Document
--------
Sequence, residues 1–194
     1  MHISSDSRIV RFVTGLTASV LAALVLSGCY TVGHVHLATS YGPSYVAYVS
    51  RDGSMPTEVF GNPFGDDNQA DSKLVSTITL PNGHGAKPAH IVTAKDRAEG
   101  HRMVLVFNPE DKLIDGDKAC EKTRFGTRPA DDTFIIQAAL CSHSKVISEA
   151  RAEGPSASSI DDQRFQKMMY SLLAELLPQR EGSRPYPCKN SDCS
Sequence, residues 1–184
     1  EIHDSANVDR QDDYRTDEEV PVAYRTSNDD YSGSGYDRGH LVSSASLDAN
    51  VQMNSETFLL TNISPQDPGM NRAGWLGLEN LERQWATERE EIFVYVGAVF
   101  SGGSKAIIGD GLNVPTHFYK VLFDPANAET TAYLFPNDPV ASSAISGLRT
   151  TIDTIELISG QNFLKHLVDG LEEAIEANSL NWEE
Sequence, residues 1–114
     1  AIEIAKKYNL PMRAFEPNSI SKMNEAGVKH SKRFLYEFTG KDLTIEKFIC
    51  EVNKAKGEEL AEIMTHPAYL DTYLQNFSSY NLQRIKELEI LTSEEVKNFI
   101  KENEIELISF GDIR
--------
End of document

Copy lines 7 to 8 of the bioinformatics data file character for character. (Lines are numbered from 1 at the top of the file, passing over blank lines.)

     1  EIHDSANVDR QDDYRTDEEV PVAYRTSNDD YSGSGYDRGH LVSSASLDAN
    51  VQMNSETFLL TNISPQDPGM NRAGWLGLEN LERQWATERE EIFVYVGAVF